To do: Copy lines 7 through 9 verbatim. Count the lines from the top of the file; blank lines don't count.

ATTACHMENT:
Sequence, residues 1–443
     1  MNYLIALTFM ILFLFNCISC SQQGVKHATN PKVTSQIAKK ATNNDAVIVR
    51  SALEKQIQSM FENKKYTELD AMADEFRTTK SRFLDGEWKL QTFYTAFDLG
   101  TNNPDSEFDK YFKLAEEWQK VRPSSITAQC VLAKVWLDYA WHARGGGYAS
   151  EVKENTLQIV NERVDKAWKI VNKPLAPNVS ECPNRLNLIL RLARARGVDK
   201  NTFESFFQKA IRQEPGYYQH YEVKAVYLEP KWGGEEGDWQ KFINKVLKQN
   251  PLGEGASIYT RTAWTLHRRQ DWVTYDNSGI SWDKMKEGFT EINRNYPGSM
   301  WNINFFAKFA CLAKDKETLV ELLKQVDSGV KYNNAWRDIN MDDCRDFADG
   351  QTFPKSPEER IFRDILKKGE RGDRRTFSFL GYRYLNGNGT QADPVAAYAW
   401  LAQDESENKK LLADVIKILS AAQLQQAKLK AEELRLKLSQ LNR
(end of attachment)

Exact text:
   251  PLGEGASIYT RTAWTLHRRQ DWVTYDNSGI SWDKMKEGFT EINRNYPGSM
   301  WNINFFAKFA CLAKDKETLV ELLKQVDSGV KYNNAWRDIN MDDCRDFADG
   351  QTFPKSPEER IFRDILKKGE RGDRRTFSFL GYRYLNGNGT QADPVAAYAW